Trees Native to Upstate SC
It has been said that you can grow nearly any kind of plant or tree in the Greenville area. This may be true because of the moderate temperature range and abundant moisture. There are many types of trees that grow well in our area, but the wide variety of native species makes Greenville attractive. Let’s talk about some of the most common and notable tree species.
The white oak (Quercus alba) is a noble and shady giant. With pale, flaky bark and lobed leaves, the white oak is nearly unmatched by its combination of beauty and strength. Often growing to one hundred feet tall, this tree is sturdy in storms and boasts a broad root base. White oak trees can produce large acorns. It is resilient when exposed to disease and drought and when pruned properly, makes a wonderful landscape centerpiece.
Red oak (Quercus rubra) trees are known for having a simple branch structure, giving them an elegant canopy shape. The bark on the trunk often appears as dark gray and light gray vertical lines. Even though it is less resilient to seasons of drought and is slow growing, the red oak lends a stately appearance to any property and can reach heights of up to 80 feet tall. The roughly hand-sized leaves are dark green with sharp points at the end of each lobe. They can produce beautiful reds in the fall.
The water oak (Quercus nigra) is a sort of “weed oak” in our area, as it can be found in every nook and cranny of the region, and is known for its vibrance and fast growth. The leaves are small with a few lobes at the end. Because water oak leaves appear to be pointed toward the stem, they are often mistakenly called pin oak trees. Water oaks often have wide-spreading canopies with a short trunk and large, long branches coming from a central point. They can reach up to 80 feet tall, but are often close to 60 feet in height. They are known for producing a large number of small acorns, and the bark is a medium gray.
The sweet gum tree (Liquidambar styraciflua) can be found in every state of America. They often display large, spreading canopies of medium green, star-shaped leaves. They are best known for the spiky balls they produce in abundance which can be annoying when they cover the lawn or gutters. They regularly reach heights of 80 feet, and in some circumstances can grow to over 100 feet tall. The bark on the trunk is lightly striped vertically and is light gray. They are aggressive growers, but provide great shade.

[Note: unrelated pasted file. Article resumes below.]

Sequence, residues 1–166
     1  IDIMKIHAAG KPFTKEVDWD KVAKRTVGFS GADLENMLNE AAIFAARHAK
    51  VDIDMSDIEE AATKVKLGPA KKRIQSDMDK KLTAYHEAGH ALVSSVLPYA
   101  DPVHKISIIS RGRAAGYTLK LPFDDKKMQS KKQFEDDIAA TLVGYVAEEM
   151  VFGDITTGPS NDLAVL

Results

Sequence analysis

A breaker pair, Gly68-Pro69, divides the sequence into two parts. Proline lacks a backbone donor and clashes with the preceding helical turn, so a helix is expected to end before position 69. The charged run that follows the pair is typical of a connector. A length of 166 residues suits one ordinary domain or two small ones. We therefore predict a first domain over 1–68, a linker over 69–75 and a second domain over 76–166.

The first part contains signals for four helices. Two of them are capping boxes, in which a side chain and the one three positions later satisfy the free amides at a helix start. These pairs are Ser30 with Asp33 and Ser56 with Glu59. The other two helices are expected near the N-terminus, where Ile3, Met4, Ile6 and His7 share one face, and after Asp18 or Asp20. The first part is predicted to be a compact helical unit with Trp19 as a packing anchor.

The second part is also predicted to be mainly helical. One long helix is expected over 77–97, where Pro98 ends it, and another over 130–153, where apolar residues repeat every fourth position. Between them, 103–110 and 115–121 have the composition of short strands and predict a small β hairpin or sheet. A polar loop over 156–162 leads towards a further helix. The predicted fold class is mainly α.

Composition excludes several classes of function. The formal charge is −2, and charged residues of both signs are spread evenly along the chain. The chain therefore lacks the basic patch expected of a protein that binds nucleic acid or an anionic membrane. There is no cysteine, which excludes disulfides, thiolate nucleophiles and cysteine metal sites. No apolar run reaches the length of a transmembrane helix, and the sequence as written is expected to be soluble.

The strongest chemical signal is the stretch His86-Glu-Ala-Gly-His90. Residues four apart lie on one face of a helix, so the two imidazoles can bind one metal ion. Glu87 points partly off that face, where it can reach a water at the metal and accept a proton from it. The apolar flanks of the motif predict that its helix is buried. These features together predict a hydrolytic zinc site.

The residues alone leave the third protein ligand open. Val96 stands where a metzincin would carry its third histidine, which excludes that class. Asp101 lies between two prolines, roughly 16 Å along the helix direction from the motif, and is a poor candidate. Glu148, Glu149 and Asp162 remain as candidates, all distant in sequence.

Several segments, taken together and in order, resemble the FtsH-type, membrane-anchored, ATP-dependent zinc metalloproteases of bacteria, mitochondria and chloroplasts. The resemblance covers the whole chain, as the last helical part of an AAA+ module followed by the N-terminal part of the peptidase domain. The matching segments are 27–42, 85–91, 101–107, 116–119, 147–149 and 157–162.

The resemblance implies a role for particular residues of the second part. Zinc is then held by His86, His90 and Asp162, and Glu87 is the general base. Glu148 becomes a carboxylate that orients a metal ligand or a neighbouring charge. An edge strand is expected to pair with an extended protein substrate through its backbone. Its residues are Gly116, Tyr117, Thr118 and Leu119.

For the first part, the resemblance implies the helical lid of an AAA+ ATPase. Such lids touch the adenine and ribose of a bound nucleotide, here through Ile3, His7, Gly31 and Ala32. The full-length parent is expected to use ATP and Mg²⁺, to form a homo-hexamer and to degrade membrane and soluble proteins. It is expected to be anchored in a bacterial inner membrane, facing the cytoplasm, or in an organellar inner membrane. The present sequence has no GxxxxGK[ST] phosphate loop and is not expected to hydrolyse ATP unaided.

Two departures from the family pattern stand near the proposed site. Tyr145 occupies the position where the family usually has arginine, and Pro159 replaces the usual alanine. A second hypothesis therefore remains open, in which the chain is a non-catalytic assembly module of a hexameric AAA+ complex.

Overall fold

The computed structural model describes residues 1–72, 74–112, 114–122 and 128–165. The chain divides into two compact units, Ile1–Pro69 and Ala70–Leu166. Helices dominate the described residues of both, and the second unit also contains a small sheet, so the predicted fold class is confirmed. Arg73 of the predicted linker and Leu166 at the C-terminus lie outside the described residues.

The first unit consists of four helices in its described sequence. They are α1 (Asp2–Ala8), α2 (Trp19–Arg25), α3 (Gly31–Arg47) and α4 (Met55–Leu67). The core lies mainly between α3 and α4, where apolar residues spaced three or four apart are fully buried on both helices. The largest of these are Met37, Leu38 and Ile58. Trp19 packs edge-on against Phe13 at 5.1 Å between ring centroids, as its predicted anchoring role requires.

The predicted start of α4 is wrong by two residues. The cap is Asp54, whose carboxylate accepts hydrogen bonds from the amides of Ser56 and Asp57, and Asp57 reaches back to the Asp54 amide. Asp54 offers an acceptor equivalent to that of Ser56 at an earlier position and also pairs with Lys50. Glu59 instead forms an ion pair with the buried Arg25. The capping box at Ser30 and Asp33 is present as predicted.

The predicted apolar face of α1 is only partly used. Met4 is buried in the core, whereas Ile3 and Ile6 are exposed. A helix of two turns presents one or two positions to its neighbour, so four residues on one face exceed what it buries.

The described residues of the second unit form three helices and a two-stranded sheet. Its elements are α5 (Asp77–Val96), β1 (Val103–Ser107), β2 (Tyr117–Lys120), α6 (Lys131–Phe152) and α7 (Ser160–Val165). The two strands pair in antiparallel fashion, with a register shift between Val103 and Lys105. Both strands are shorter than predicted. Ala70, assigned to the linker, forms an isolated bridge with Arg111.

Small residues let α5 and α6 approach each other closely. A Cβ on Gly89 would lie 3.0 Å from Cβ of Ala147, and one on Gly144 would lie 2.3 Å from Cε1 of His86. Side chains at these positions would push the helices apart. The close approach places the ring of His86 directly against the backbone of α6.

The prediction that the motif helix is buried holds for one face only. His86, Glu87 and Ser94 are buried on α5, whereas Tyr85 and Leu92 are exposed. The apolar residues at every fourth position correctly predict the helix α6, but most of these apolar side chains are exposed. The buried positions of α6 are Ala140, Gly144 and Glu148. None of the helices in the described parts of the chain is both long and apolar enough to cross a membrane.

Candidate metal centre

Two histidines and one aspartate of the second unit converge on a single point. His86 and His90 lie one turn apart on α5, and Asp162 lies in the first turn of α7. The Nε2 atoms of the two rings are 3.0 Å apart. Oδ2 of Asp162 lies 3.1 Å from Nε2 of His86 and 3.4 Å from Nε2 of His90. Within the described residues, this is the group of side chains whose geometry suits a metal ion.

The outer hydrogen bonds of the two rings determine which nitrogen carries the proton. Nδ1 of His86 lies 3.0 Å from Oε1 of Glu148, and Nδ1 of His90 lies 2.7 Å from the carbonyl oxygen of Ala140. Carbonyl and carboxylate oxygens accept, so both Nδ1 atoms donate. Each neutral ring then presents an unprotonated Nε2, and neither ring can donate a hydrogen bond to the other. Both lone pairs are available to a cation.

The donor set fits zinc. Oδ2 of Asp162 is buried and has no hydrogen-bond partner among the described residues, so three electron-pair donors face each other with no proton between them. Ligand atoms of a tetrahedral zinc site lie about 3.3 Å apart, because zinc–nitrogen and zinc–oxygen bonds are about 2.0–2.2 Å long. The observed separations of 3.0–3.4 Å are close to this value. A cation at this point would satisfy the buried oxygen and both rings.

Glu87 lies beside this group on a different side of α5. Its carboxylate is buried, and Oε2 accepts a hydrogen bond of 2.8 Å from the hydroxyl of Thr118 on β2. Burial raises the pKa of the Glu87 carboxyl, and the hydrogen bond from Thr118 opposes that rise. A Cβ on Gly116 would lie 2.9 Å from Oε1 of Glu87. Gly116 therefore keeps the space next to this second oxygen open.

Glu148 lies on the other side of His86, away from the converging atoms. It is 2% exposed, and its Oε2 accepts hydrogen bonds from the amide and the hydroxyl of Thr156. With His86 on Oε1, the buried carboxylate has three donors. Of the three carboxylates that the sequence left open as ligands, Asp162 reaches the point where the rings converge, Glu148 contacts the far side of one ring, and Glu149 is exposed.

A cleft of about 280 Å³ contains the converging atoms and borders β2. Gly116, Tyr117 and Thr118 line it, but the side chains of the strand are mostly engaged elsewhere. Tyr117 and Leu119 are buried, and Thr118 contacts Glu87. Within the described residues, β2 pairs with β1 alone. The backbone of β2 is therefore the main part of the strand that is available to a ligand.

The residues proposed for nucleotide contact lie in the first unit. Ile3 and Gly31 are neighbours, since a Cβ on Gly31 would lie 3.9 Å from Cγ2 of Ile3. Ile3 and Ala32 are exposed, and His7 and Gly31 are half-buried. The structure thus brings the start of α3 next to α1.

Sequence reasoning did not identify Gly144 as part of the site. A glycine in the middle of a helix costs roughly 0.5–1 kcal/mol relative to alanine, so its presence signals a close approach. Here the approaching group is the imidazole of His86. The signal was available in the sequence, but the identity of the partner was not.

Two common types of maple trees in the upstate are the red maple (Acer rubrum) and the silver maple (Acer saccharinum). There are a few differences that we will note. The red maple leaf has a few lobes that are not deeply separated and often has a red stem, while the silver maple leaf has 5 points that are very serrated with a light (silvery) color underneath. Red maples most often have a single trunk, but silver maples commonly have multiple leads coming from the root crown. The canopy of the red maple may turn different colors in the fall, but they usually turn a beautiful red before they fall. The silver maple is not as pretty in the fall as the red maple, but it usually doesn’t let go of its leaves without displaying an array of yellows. Both trees have smooth, light gray bark on younger growth, but the bark on the trunk of the silver maple is usually more coarse and flaky. Both trees regularly reach a height of 50 feet, although they can get as tall as 90 feet in a forest setting.
The tulip poplar (Liriodendron tulipifera) is a stately giant. Easily and regularly reaching heights upwards of 100 feet, it often towers above the other trees around it. The pale, almost-diamond pattern bark distinguishes it from the flaky bark of many trees. Its open and even branch structure and large light green leaves lend a majestic feel to the canopy. The tulip poplar produces an orange and/or yellow “tulip” in late spring and hangs on to a cone-like seed structure. They can grow to be very old and very large, reaching an age of 300 years with trunk diameters of several feet.
The southern magnolia (Magnolia grandiflora) is a true gem of the South’s urban forest. This tree is easy to spot because of its range of contrasting features compared with other trees. The southern magnolia boasts a lumpy evergreen conical canopy of dark green leaves. The leaves, between 5 to 10 inches in length, have a rigid, leather-like texture, feeling slightly fuzzy on the underside and smooth on the top. The bark is uniformly brown with a rough texture, but it is often hidden behind the dense canopy that reaches all the way to the ground. The magnolia produces one of the largest flowers in the country, known for its strong, fresh scent and creamy white colored blossom, often 12 inches in diameter.
These are just a sampling of the incredible variety of trees we enjoy in the Greenville area. We love caring for the trees in our area and always look forward to learning something new about these amazing creations.